A mathematician might say that if s/he is doing the sums in a flat mathematical space then they are working in a flat space.

It is a matter of taste which you prefer.

~~gravywavy

gravywavy
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### RE: the momentum of an

Message 13621 in response to message 13619

Quote:

the momentum of an object is always a product of the mass times the velocity – quite Newtonian...

This is a subject of philosophical debate amongst relativists.

The relativistc expression for momentum is

p = gamma m0 v

where p is momentum, m0 is the invariant mass (or rest mass or proper mass), and v is the observed velocity

Some say that there is an "observed mass" or "relativistic mass" m where

m = gamma m0

and then of course p = m v

Others (including me) are not comfortable with the idea of an observed mass, and say that the idea leads to confusion in other areas of applied relativity. As you say it is "very Newtonian", which makes the first steps of learning SR easier. The downside is that it leads the learner into making other Newtonian assumptions that are *not* valid. The relativity course I teach is very strict about this, my colleagues and I never talk about relativistic mass or observed mass. We only mention the invariant mass and usually simply call it the mass.

The algebra is the same in either case, it is a question of how we intepret the algebra in our heads. Again a matter of taste how we talk about the maths we do.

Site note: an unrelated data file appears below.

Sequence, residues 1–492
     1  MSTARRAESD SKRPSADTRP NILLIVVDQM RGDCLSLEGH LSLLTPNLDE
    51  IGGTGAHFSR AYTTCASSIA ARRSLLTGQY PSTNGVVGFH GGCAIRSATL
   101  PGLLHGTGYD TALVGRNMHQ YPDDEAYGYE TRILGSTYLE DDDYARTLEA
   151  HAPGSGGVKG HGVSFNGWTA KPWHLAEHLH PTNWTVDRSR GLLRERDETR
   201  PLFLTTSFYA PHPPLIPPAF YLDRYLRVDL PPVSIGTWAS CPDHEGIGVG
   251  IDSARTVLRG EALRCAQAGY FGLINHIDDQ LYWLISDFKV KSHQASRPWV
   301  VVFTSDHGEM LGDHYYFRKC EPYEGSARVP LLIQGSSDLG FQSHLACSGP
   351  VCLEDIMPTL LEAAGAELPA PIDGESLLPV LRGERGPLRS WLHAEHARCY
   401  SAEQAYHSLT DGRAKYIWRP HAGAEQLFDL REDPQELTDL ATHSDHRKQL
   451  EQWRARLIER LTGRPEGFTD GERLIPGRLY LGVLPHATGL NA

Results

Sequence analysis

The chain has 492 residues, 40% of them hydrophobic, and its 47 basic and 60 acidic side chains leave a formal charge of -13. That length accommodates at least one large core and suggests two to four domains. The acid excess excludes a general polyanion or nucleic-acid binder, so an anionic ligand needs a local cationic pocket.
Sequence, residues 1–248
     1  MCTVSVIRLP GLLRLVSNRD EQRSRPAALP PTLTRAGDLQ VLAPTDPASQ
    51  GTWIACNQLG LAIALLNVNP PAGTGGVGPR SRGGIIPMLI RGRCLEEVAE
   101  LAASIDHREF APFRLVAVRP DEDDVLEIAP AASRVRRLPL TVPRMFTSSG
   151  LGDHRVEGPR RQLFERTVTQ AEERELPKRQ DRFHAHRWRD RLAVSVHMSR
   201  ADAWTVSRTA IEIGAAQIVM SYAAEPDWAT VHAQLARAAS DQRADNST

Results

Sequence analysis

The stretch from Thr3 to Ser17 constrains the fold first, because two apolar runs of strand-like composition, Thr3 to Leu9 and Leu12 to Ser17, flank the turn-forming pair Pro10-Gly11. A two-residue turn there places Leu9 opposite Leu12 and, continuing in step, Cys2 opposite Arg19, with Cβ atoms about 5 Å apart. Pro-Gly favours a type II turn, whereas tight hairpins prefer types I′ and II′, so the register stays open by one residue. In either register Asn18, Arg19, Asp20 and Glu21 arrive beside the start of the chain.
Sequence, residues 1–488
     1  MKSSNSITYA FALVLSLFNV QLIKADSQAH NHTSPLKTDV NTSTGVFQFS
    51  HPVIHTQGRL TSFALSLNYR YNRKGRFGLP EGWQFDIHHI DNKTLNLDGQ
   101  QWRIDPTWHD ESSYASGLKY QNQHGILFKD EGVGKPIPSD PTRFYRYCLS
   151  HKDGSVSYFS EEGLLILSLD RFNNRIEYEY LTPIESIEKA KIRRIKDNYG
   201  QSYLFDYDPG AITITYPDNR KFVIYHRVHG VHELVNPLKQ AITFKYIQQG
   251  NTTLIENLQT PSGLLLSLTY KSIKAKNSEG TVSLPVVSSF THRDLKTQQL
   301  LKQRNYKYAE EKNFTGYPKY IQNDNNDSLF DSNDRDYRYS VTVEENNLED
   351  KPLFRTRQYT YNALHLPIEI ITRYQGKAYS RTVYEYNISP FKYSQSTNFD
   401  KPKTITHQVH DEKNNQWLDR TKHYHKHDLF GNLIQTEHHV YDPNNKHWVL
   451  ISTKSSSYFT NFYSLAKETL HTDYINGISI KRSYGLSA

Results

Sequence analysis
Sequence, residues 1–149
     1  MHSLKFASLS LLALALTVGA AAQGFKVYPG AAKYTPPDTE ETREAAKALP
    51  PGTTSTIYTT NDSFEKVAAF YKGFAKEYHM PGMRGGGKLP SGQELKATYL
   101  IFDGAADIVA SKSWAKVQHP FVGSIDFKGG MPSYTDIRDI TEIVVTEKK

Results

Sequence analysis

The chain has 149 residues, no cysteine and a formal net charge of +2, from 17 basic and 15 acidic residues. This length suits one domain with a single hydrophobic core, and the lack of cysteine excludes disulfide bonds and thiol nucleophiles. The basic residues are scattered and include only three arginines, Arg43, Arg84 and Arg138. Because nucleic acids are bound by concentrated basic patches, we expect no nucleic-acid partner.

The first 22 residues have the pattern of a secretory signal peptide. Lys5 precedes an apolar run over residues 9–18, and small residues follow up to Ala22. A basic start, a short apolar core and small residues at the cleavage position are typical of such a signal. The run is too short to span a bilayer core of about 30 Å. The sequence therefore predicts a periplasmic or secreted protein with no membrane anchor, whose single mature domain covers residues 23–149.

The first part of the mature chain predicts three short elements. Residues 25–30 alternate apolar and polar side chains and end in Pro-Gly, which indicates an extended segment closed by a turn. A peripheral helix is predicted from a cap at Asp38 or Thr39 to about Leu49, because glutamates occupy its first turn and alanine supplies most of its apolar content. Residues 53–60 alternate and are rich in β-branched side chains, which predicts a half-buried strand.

A huge part of any theory is not the maths, but how we think about the maths. A way of thinking about the maths that helps us 'gravitate' towards the right assumptions is one that will lead to the better future development of the subject. Everyone agrees on that, we disagree amongst ourselves about which way of thinking comes out top in that test.

Thank God us scientists don't burn each other at the stake when we hear heresies.

~~gravywavy

Ocean Archer
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### GravyWavy -- Interesting

GravyWavy --

Interesting discussion, and I took the liberty of reviewing the course outline you you referred to ... too bad I can't apply for it here in the USA. Maybe by 2007 that will change.

If I've lived this long - I gotta be that old!

Chipper Q
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### RE: Others (including me)

Message 13623 in response to message 13621

Quote:

Others (including me) are not comfortable with the idea of an observed mass, and say that the idea leads to confusion in other areas of applied relativity. As you say it is "very Newtonian", which makes the first steps of learning SR easier. The downside is that it leads the learner into making other Newtonian assumptions that are *not* valid. The relativity course I teach is very strict about this, my colleagues and I never talk about relativistic mass or observed mass. We only mention the invariant mass and usually simply call it the mass.